5.9/10
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What's the World Coming To? (1926)

Set 100 years in the future, women dominate society and men are the "weaker" sex, assuming the stereotypical roles of pampered women. A stay-at-home husband of a well-off successful ... See full summary »
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Cast

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Claudia, the Blushing Groom / the baby
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Billie, the Bride
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The Father-in-Law
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A Neighbor
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The Butler
Laura De Cardi ...
A Family Friend
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Storyline

Set 100 years in the future, women dominate society and men are the "weaker" sex, assuming the stereotypical roles of pampered women. A stay-at-home husband of a well-off successful businesswoman, Billie, is cheating on her. Another dominant woman tries to seduce Cook, but a ruckus breaks out when Billie returns home and finds the two flirting. Written by Movie Falcon

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Genres:

Short | Comedy

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Release Date:

17 January 1926 (USA)  »

Also Known As:

A Furious Future  »

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Aspect Ratio:

1.33 : 1
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Trivia

What's the World Coming To? was jointly restored in 2015 by Carleton University, New York University, and the San Francisco Silent Film Festival. The 2K restoration was based on a 16mm print from the William K. Everson Collection at New York University. See more »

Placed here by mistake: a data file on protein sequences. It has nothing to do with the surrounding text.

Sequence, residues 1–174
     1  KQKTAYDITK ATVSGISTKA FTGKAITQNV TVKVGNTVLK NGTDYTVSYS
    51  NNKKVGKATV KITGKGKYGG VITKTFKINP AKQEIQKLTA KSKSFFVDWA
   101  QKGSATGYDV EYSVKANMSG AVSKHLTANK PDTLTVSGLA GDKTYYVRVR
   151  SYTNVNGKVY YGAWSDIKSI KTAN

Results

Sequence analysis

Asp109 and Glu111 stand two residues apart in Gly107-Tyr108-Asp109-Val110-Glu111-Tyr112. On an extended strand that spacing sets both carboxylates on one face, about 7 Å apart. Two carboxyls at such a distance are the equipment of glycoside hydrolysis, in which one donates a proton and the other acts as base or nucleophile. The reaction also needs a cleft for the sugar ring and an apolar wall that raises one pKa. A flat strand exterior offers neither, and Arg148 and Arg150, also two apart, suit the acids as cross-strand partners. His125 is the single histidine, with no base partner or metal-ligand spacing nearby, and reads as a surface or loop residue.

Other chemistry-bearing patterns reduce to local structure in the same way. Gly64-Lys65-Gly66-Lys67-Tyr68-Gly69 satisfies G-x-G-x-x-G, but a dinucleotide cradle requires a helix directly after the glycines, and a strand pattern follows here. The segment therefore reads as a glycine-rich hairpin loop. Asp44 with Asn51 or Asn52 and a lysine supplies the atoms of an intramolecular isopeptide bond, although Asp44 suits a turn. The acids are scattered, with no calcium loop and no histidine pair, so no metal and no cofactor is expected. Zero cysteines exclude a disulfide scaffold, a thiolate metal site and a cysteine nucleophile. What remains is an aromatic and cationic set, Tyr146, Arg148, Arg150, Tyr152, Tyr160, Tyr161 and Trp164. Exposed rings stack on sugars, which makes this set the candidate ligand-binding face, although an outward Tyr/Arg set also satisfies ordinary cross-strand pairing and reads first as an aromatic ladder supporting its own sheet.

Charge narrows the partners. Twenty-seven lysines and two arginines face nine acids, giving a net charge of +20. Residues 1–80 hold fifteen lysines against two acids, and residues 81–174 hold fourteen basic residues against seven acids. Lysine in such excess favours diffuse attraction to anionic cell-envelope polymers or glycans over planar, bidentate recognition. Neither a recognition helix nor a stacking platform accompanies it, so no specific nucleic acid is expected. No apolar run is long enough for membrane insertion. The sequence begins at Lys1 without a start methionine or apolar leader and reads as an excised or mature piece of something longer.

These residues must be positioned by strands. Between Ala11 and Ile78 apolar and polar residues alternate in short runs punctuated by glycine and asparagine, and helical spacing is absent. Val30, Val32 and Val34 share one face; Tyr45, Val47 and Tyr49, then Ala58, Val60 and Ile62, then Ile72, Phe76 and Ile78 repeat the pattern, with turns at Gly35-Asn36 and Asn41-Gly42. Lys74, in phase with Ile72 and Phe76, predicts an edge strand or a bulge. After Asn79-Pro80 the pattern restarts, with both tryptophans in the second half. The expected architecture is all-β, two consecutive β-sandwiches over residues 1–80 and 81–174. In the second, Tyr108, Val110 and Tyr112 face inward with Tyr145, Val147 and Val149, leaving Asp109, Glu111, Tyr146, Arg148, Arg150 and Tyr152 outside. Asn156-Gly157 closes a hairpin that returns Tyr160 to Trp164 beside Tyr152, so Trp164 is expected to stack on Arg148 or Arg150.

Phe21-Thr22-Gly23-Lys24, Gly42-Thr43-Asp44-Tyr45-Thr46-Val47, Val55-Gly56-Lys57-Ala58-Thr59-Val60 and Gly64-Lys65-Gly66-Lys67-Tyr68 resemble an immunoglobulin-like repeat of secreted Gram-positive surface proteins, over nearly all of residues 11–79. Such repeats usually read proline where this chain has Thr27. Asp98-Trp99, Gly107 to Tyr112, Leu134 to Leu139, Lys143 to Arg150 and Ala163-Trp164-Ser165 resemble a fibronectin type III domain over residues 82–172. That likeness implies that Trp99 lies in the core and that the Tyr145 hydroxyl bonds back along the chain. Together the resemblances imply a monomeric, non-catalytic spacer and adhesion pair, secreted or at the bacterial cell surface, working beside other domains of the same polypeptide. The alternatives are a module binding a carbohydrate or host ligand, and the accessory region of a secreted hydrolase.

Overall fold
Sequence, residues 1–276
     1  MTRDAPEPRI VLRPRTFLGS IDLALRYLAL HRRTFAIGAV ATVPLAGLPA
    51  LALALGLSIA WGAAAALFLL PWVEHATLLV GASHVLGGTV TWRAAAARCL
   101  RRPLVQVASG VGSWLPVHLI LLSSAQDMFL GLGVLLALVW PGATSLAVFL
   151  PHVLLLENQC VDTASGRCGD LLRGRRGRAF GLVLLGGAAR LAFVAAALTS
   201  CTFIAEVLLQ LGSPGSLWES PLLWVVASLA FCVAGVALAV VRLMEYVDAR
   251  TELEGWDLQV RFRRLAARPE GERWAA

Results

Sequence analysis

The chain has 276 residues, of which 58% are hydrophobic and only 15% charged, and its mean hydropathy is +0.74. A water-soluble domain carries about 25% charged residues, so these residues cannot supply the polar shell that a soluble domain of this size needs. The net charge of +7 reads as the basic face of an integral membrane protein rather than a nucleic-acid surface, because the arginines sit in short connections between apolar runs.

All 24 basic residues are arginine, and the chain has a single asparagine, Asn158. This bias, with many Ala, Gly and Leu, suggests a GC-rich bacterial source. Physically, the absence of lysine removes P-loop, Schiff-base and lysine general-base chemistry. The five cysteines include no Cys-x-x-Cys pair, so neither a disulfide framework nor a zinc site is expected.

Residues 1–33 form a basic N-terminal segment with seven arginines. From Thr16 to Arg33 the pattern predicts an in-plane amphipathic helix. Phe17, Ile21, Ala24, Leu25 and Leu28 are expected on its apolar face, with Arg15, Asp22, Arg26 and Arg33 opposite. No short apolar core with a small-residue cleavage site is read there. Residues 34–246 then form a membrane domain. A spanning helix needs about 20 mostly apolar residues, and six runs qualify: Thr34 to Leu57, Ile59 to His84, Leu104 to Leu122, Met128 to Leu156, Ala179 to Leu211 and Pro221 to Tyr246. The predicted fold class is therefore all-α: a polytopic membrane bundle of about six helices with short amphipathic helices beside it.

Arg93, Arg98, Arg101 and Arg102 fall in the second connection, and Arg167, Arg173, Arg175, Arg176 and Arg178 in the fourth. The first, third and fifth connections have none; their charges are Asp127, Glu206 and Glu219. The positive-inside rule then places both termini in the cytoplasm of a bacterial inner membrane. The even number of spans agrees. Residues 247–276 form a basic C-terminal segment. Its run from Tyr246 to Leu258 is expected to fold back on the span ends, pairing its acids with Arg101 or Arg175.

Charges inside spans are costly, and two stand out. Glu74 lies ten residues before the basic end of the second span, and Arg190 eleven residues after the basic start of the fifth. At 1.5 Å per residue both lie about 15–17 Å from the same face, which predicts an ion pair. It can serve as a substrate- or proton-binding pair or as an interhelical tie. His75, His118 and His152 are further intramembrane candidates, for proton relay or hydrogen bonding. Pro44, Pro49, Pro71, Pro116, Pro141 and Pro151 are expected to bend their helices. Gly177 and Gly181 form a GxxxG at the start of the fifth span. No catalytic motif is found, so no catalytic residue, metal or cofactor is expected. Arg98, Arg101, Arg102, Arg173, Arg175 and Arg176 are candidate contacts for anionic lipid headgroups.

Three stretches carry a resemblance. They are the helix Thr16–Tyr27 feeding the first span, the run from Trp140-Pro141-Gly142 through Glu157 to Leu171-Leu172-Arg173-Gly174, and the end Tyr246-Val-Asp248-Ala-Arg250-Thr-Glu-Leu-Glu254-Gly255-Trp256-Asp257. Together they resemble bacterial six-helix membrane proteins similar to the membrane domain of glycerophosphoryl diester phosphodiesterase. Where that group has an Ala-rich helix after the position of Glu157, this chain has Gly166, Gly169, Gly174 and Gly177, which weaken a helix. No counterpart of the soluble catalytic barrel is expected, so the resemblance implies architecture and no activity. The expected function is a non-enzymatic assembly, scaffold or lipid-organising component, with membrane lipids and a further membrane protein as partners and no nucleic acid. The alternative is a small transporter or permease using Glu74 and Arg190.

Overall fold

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User Reviews

 
A mildly amusing sci-fi comedy about role reversals.
17 September 2017 | by See all my reviews

This is the second sci-fi comedy about male role reversals on the disc "Hal Roach Presents Early Pathe Comedies" and they both have very similar notions...almost certainly spurred on by the women's movement of the early 20th century. After all, women just received the right to vote and these films predict that in the future, women will be the bosses and men will be highly feminized.

One Hundred years from now, folks fly around on zeppelins and Clyde Cook has just gotten married. However, his wife has little intention of being faithful and leaves poor Clyde at home. Clyde's father (James Finlayson) arrives and encourages his son to stand up to his wife and insist she stop her wicked ways. This does occur....but why? See the film.

Of the two, I preferred Snub Pollard in "Years to Come", though both are pleasant comedies and are unusual because of the role reversals.


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